I was trying to think of something Halloween appropriate for today’s post, and yet I really wanted it to be about food. I’ve got it … How I made my own wheat meat or … trying to avoid a cauldron full of brains!
So back in January, I went vegetarian for a month because, well, just because. One of my favorite protein sources was seitan, which is made of wheat gluten. If you’ve ever had “mock” meat of any kind in an Asian restaurant, you have had seitan. Unfortunately, it is really expensive.
After my vegetarian challenge was over, I wanted to have seitan again, only not pay that much (I am frugal after all!). I discovered that you can make it yourself.
In reading the directions, everyone kept commenting that it was really easy to end up with the entire batch having the consistency of brains. Zombie Halloween tie in!!!!
Months ago when I first made it, no brains. Then I decided to make it again for this post. As I was looking to find my recipe, I found another one that actually cut nearly an hour of cooking time, so I decided to make them both. Fortunately the recipes were similar enough that the dough was the same, only the cooking methods varied.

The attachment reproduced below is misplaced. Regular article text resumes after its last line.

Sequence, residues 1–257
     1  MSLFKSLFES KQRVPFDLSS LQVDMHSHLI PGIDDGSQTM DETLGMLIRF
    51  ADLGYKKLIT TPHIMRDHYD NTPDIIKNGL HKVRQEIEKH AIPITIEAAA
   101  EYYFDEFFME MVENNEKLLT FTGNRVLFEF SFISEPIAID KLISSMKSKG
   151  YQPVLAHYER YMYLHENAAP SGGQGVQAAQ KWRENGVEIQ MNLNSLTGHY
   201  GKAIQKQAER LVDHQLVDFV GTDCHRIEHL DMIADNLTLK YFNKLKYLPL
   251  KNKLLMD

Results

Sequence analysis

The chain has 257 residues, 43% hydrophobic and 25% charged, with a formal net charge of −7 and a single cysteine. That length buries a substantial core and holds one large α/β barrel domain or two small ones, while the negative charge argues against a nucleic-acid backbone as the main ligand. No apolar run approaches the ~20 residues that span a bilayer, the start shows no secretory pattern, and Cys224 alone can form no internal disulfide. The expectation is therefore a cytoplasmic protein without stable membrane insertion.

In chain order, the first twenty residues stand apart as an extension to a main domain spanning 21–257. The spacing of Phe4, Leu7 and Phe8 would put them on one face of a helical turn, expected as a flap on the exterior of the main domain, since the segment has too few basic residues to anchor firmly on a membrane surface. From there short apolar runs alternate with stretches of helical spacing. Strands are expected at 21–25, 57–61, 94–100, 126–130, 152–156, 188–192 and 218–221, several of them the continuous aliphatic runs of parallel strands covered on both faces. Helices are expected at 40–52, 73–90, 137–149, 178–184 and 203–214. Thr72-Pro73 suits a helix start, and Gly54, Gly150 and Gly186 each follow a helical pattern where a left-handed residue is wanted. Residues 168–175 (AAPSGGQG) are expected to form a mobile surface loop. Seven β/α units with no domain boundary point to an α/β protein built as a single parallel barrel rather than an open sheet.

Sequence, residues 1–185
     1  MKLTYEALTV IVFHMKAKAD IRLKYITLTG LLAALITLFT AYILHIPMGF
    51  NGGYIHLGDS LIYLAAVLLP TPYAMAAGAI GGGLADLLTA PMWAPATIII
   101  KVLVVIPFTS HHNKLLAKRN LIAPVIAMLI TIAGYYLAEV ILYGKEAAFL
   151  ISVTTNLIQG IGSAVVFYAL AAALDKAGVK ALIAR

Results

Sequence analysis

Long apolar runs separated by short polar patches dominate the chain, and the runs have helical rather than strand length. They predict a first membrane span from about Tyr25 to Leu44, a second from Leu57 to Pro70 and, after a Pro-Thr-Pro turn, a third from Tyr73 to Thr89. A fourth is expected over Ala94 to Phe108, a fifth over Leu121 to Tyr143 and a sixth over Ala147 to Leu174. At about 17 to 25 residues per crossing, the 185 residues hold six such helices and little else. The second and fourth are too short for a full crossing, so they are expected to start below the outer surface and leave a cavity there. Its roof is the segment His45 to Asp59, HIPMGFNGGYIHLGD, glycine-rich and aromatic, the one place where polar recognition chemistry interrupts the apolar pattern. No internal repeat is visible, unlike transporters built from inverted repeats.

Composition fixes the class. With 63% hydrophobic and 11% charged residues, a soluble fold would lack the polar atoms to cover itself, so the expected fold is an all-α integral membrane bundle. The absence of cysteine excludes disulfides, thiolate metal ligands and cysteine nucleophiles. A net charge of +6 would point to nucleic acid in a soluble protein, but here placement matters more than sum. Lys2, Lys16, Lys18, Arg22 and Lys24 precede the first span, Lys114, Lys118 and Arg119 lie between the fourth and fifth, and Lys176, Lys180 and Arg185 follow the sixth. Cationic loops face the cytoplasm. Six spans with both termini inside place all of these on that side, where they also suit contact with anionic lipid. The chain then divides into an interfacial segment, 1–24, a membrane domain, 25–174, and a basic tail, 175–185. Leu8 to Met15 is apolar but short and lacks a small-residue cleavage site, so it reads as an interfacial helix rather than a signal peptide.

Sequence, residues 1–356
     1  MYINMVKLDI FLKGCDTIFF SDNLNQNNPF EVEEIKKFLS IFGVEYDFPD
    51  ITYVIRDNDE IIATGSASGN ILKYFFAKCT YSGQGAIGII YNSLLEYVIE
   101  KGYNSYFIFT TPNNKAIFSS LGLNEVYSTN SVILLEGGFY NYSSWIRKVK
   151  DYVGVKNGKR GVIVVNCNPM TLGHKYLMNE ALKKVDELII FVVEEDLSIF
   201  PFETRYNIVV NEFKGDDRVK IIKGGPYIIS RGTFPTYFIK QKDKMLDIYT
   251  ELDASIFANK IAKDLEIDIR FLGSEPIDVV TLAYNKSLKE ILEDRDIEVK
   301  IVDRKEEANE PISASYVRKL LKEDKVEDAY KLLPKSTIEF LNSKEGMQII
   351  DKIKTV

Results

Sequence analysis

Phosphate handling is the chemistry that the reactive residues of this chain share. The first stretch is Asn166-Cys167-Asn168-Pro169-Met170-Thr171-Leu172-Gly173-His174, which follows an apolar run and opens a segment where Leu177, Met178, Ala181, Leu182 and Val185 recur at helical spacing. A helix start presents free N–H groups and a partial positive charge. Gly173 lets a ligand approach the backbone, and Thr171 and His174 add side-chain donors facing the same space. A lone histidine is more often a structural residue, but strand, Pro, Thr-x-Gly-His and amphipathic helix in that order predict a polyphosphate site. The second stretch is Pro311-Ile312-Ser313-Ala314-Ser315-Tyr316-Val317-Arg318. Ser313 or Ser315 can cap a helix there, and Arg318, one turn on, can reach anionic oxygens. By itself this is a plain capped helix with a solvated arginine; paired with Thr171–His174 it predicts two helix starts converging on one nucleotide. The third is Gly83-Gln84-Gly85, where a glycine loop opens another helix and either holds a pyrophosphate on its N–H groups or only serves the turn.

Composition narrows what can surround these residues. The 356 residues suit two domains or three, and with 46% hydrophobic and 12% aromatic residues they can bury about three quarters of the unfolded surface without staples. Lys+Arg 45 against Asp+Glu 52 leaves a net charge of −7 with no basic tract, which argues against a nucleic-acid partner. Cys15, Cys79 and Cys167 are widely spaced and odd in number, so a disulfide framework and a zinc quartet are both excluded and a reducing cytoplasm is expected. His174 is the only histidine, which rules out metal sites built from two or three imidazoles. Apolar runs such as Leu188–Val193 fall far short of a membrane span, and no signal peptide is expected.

Actually, that is a big fat lie. I messed up and added all the broth to the wheat gluten of the first recipe instead of only half, and I didn’t have enough to do a double batch of that and the other type … but I digress!
At this point, after a few minutes of resting, my new recipe called for me cutting half the dough into cutlets and sticking them into the oven. After a flipping half way through, they were done after 15 minutes.
Excellent texture, great taste.
The other method involves bringing a vat of broth up to a boil, reducing it to a simmer, and then poaching the dough in the broth.
Assuming the fluid doesn’t come to a boil, after the allotted cooking time, one should have a batch of nice firm seitan.
Well, my broth did not come to a boil, but I ended up with really spongy seitan, that did feel just like brains… and yes, I have felt brains before – human brains, as a matter of fact!
Well, not only was it spongy, it did really look like the subject of a previous blog post! Never fear, the same recipes that warned me about the possibility of a spongy consistency also advised how to fix it: bake it in cutlet sized pieces. Yup, I could have skipped the whole boiling phase and ended up with the same thing!
If you are adventurous, I highly recommend this seitan recipe – the smart, bake it to start with method!
What are some foods you’ve prepared that if you don’t follow the directions correctly, things can go horribly wrong? Am I the only one who has felt a human brain?